Why am I terrified of my pancreas?

Anoushka Sharp

I am terrified of my pancreas because it could digest me.

Let me tell you a story about normality.

Introduction: A person eats some food containing protein, carbohydrate and fat. The food is swallowed down the oesophagus, bathed in acid by the stomach, and squeezed into the small intestine, which is right next to the pancreas.

Problem: Protein, carbohydrate and fat molecules from food need to get out of the intestine into the bloodstream but they can’t because they are too big.

Solution:  There is a hole that connects the inside of the pancreas to the small intestine. Once food arrives in the small intestine, this hole briefly opens to allow the pancreas to squeeze digestive enzymes and bile into the small intestine. Digestive enzymes are chemicals that can break big proteins into tiny amino acids, or big carbohydrate molecules into tiny sugar molecules, or big fat molecules into smaller fatty acids and glycerol. Bile is a greeny-yellow liquid that makes the small intestine less acidic than the stomach, and makes sure that fatty acids don’t clump together.

What happens next?

 There are lots of tiny blood vessels surrounding the small intestine. Amino acids, sugars, fatty acids, triglycerides and vitamins from food get into the bloodstream because they are small enough to slip through the walls of both the small intestine and the tiny blood vessels. Cells in every organ of the body take nutrients directly from the blood in order to build vital molecules for structure and function.


So why am I terrified of my pancreas?

There isn’t a single atom in my body that I didn’t eat at some point during my life. This means that I am a mere recombination of sugars, amino acids, glycerol, fatty acids, and a tiny selection of other elements, that once lived in the kitchen fridge. Furthermore, the chemical bonds in my body’s molecules are fairly similar to those in food. Therefore, if the pancreatic enzymes can digest what I ate, they should be able to digest me too.


Do pancreases usually digest their owners?

There are two main safety mechanisms to prevent this disaster. The first is that all pancreatic enzymes are stored very safely by pancreas cells inside vesicles (these are like water-balloons: the balloon is made from cell membrane material and the water inside the balloon is the pancreatic enzyme, or whatever else the vesicle might store). The second is that some pancreatic enzymes are inactive – so they can’t digest anything – until they arrive in the small intestine where they are activated.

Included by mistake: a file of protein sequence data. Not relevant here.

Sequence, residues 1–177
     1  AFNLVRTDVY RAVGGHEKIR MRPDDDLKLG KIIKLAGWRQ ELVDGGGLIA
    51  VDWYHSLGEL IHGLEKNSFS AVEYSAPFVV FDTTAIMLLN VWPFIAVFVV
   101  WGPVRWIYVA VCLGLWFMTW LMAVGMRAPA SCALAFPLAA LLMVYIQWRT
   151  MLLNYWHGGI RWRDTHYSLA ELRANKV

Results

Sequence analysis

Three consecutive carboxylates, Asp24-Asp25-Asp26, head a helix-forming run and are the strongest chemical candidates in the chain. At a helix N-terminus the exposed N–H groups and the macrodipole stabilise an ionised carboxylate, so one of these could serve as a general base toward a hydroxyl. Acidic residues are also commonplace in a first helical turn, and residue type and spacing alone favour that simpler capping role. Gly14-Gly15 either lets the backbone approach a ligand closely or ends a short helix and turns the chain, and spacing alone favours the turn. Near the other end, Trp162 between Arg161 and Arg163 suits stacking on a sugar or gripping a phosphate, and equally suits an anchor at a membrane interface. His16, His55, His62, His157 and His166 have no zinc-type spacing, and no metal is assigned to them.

But there is a but…

What if the pancreas becomes infected and inflamed, gets ruptured or bruised, or develops cancer? Pancreas cells would get harmed. Could the contents of their vesicles therefore leak around the body? Yes. Would this really digest nearby body tissue? In severe cases, yes. What would this actually look like? Black gunky yuck called necrosis, which is a scientific term for unintended cell death.


So what can the doctors do?

Surgically remove the gunky yuck, give some emergency drugs, keep the patient in hospital.

This is easier said than done for two main reasons. Firstly, no-one comes to A and E saying ‘my pancreas hurts’; most patients describe very bad tummy pain. Therefore, doctors must give patients blood tests and medical imaging using X-rays or Ultrasound scanners before identifying pancreas problems. Secondly, the pancreas is buried deep in the middle of the body: it’s behind the stomach, in front of the kidneys and backbone, above the large intestine, and below the liver. Performing a surgical necrosectomy (removing the black gunky yuck around the pancreas) means that surgical tools need to reach the pancreas.


What sort of surgical tools and how do they get to the pancreas?

The answer to this question can be found in my next article called “Excuse me, my pancreas is digesting itself, please can you help?”. Until then, I will leave you with an image: it is important to understand some anatomy before reading about surgery. Personally, I find that the best way of knowing what’s where in the body is to imagine where it is inside me – kind of like wearing a 3D t-shirt.